Feds approve buyout of Sierra Health

UnitedHealth Group, the largest U.S. health insurer, Monday won Justice Department clearance to acquire Las Vegas-based Sierra Health Services for $2.6 billion.

But opponents of the deal say they're not through fighting, with a powerful trade union and a doctors' association saying late Monday that they were consulting lawyers about legal options they could pursue.

The federal Justice Department allowed the deal to proceed after UnitedHealth agreed to divest policies of about 27,000 Medicare Advantage customers in Clark and Nye counties to Humana of Kentucky, the government said Monday in an e-mail statement. They are enrolled in the Medicare Advantage program.

The decision increases UnitedHealth's medical plan enrollment by about 630,000, to more than 29 million, and gives the Minnesota company a larger role in one of the fastest-growing regions of the United States. The decision came four days before the Nevada insurance commissioner's approval was due to expire Friday.

"This divestiture ensures that senior citizens and others will continue to benefit from competition between sellers of Medicare Advantage products," said Thomas O. Barnett, the assistant attorney general in charge of the Justice Department's antitrust division, in the statement. "We are committed to preserving competition in the health insurance industry because this competition spurs insurers to lower prices, enhance services and offer innovative new products."

Competitive concerns raised unrelenting opposition from several trade groups and unions after the companies announced the deal in March.

With Sierra Health's 670,000 members statewide and UnitedHealth's 110,000 PacifiCare customers in Nevada, the businesses together would dwarf other insurers in the Silver State, and that wasn't acceptable to members of the American Medical Association, the Nevada State Medical Association, the Clark County Medical Society and the Service Employees International Union (SEIU), which represents nurses at local hospitals.

Nevada's second-biggest managed-care insurer, Indiana-based WellPoint, has 270,000 members -- just one-third the client base of Sierra Health and UnitedHealth.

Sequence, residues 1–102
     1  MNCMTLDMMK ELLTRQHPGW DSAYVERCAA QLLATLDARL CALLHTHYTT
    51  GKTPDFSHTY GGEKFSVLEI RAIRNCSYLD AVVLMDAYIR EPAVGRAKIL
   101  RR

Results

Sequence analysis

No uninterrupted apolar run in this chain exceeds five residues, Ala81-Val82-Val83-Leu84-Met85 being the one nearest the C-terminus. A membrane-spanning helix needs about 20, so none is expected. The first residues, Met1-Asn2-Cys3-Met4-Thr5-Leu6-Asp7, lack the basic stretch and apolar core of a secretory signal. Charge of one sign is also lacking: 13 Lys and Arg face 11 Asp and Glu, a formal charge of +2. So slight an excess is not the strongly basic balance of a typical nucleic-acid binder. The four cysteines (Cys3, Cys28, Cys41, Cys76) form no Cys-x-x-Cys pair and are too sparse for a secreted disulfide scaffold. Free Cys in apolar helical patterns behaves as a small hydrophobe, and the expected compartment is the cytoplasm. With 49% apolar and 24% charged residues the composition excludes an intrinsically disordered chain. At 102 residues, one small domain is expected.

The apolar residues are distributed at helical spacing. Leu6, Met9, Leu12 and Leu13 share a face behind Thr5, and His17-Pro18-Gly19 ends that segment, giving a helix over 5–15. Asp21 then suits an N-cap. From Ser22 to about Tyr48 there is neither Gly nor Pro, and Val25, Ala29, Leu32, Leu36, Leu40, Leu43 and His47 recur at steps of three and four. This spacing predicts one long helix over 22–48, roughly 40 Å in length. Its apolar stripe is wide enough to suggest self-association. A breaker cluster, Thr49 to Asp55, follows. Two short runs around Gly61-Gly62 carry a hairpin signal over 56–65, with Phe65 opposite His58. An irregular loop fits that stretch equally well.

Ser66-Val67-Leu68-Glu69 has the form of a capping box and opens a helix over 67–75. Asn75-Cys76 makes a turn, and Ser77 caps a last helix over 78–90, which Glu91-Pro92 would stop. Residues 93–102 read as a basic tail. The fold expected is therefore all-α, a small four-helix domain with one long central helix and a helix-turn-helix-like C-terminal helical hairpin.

Combining UnitedHealth and Sierra Health threatens health-insurance competition in Nevada because the market dominance will let the companies slash benefits for patients and reimbursement rates for doctors and hospitals.

The Nevada attorney general's Bureau of Consumer Protection said in July the buyout could result "in the most concentrated insurance market in the country." The companies' dominance would be especially acute among Medicare Advantage plans, where they would cover 96 percent of Clark County residents enrolled.

The two businesses would also control 95 percent of the HMO market in Las Vegas, trade groups said.

Nevada Attorney General Catherine Cortez Masto noted during an afternoon news conference that the agreement also guarantees that new competitors will have access to offer coverage for Nevada hospitals and medical facilities for a two-year period.

"This will increase the likelihood of one new competitor in the market," she said. "The more competition, the better for people."

Representatives of the SEIU and medical associations said Monday that they find little comfort in the federal government's divestiture requirement.

"It doesn't address the fundamental problem, which is the anticompetitive nature of the kind of concentration we'll see," said Larry Matheis, executive director of the Nevada State Medical Association. "The Justice Department failed the people of Nevada, and frankly, they failed the nation, because this kind of concentration is going to happen everywhere now that the federal government says it's OK."

Matheis said Justice's action Monday is "only a proposed consent decree," so it needs approval from a federal judge. He said the association will "communicate" with the judge who gets the case. A lawsuit to stop the deal is also still possible, he said.

Matheis said he's frustrated that ongoing investigations into UnitedHealth subsidiaries in New York and California, where the company could face $1.3 billion in fines for claims-processing problems, didn't sway the federal government's decision.

The SEIU was consulting with lawyers late Monday about its legal options against the buyout.

"We don't believe (Justice's call for divestiture) goes far enough to protect patients at all," said Hilary Haycock, communications director for SEIU's Nevada chapter. "The Medicare Advantage market is significant. These are our retirees, our elderly residents, and they're going to be subjected to UnitedHealth's really horrible business practices."